8. The devil is not in the details: With total jerks, the problem is their whole MO, their high-horse commitment to fake infallibility, invincibility, and incorruptibility: "My might proves I'm right and righteous, my right and righteousness proves that it's my duty to use any mighty dirty trick to maintain my might." At some point, you've got conclusive evidence from the details to make a solid guess that you're dealing with a devil. From that point on, the details are beside the point. To continue to pour over them is to backtrack as though you're still mounting a case for what you've already concluded. You enable devils by sticking with the details. They want nothing more than to lead you around by the nose into the tall weeds of their obfuscation. Being smart doesn't mean always staying focused on the subtle details, nor up in the high-minded abstractions. It means guessing well the best level of analysis. With total jerks, the best level of analysis is their generality anti-adaptive approach to life, not down in the details.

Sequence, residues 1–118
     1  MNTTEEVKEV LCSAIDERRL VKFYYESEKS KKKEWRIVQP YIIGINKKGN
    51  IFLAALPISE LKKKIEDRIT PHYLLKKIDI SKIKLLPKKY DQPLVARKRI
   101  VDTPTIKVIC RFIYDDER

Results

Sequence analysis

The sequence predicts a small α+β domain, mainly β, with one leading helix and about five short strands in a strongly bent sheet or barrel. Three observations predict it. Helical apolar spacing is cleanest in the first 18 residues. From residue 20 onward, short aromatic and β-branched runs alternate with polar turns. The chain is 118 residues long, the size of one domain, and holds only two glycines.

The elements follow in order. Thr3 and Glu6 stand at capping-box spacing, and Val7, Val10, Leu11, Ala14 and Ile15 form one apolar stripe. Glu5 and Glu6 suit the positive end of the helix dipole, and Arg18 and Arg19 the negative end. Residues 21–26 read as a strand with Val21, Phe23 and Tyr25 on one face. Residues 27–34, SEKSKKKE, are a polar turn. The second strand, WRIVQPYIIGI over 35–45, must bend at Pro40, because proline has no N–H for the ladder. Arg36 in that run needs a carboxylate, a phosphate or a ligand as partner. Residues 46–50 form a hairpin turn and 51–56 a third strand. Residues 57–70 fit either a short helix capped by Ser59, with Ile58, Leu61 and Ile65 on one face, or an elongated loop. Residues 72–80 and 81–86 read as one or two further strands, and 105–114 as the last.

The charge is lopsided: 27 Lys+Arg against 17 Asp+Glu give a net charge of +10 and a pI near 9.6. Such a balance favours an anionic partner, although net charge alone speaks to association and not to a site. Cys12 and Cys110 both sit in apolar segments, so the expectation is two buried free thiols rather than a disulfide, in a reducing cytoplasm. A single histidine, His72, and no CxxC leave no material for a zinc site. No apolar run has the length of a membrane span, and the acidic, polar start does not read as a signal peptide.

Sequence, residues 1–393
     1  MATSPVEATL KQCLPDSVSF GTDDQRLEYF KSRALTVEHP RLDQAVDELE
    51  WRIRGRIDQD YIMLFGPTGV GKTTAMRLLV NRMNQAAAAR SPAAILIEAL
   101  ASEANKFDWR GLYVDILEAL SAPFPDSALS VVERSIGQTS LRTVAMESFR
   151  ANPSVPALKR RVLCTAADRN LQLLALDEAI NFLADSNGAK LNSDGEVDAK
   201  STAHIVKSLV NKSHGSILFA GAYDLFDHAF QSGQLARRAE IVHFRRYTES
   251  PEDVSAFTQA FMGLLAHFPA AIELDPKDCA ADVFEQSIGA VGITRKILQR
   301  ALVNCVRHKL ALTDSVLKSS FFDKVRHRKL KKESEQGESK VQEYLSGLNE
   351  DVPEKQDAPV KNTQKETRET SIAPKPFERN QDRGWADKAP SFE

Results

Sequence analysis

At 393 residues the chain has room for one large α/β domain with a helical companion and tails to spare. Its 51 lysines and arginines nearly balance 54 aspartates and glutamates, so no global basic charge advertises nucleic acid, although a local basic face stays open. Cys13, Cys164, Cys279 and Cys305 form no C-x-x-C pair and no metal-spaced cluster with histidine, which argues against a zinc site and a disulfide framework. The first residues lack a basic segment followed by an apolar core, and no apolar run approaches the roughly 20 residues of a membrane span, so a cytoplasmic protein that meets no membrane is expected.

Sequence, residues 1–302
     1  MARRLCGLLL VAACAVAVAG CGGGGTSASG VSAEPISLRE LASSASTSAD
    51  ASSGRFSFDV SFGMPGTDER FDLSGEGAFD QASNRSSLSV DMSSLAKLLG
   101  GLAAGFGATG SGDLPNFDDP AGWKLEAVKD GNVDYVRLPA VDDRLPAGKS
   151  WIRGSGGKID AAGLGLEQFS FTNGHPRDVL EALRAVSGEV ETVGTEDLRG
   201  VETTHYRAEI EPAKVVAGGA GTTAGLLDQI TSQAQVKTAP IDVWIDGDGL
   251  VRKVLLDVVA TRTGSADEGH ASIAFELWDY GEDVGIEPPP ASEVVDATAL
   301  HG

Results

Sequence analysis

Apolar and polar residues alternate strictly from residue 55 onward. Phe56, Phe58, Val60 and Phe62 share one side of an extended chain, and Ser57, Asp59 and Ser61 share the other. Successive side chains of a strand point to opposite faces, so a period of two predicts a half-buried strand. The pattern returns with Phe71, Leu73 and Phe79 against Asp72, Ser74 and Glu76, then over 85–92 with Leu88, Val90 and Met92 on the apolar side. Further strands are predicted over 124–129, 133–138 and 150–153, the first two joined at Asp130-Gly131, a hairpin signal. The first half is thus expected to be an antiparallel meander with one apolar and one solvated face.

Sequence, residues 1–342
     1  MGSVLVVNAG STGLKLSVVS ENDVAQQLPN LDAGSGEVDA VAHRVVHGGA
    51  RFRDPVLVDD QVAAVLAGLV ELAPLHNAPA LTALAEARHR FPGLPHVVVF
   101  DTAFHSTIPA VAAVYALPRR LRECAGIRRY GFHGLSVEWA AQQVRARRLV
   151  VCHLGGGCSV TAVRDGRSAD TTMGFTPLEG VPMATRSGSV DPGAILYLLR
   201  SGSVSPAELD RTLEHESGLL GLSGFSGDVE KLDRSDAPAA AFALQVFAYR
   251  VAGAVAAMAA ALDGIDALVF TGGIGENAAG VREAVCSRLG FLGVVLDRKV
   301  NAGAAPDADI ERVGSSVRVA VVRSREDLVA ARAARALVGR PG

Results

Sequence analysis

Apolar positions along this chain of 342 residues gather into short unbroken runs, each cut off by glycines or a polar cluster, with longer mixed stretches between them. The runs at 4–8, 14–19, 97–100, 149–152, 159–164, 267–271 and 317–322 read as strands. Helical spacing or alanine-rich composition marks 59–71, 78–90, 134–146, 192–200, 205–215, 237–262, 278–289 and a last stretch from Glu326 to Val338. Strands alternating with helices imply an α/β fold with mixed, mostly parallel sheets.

9. Assuming makes an ass of you to me: If you assume that in general you’re dealing with a total jerk and demonstrate that assumption, for example by asking leading questions, chances are the total jerk will scold you for making assumptions or generalizing about them. Ignore that scold. It’s hypocritical. They’re saying that, in general, it's best to assume that one shouldn't generalize and assume. Being smart is rung-running, running up and down the ladder of levels of analysis until you find the one that captures the circumstances best. Someone tugging you down the ladder because details are always better is standing on a broken rung. No, feel free to assume. You could be wrong and you know it. All assumptions are like that. Total jerks will doubt you, not because they’re skeptical on principle. They’re just skilled at faking skepticism to deflect all challenges to their know-it-all self-certainty.